The large purple rectangle in this colorized image is a chip feature about 40 by 150 nanometers in size, surrounded by encapsulating material. The magnified section shows the planes of silicon atoms used to calibrate feature measurements. Photo courtesy NIST
Device features on computer chips as small as 40 nanometers (nm) wide--less than one-thousandth the width of a human hair--can now be measured reliably thanks to new test structures developed by a team of physicists, engineers, and statisticians at the Commerce Department’s National Institute of Standards and Technology (NIST), SEMATECH, and other collaborators. The test structures are replicated on reference materials that will allow better calibration of tools that monitor the manufacturing of microprocessors and similar integrated circuits.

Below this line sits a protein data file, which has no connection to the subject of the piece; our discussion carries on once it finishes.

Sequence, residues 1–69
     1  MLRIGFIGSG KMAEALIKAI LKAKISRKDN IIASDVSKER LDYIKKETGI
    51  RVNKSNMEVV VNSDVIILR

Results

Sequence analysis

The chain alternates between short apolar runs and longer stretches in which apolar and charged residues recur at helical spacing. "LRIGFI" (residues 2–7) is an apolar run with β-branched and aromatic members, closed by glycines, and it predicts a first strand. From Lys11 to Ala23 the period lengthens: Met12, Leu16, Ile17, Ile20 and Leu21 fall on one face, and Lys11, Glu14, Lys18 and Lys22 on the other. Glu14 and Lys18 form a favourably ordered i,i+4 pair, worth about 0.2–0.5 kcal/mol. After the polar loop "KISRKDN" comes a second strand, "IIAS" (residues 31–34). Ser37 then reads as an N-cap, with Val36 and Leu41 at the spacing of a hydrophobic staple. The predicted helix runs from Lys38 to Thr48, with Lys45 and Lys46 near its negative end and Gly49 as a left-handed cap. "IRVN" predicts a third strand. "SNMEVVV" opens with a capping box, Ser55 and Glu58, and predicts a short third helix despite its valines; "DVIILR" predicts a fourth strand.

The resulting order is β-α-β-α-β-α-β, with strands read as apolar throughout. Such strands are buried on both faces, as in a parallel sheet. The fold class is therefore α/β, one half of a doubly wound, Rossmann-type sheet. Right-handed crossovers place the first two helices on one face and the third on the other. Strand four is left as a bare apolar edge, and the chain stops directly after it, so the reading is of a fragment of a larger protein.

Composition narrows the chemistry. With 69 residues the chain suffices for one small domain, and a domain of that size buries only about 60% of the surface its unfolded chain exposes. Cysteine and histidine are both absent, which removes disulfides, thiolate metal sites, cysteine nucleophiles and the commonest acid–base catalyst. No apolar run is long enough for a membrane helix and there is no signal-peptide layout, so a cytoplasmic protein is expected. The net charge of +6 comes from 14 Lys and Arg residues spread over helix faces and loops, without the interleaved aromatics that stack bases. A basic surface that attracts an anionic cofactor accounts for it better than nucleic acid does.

The new test structures are the culmination of NIST’s more than four-year effort to provide standard "rulers" for measuring the narrowest linear features that can be controllably etched into a chip. The NIST rulers are precisely etched lines of crystalline silicon ranging in width from 40 nm to 275 nm. The spacing of atoms within the box-shaped silicon crystals is used like hash marks on a ruler to measure the dimensions of these test structures. Industry can use these reference materials to calibrate tools to reliably measure microprocessor-device gates, for example, which control the flow of electrical charges in chips.
"We have caught up to the semiconductor industry roadmap for linewidth reference-material dimensions with this work," says Richard Allen, one of the NIST researchers involved in the project. "With the semiconductor industry, one has to run at full speed just to keep up."
Laura Ost | EurekAlert!
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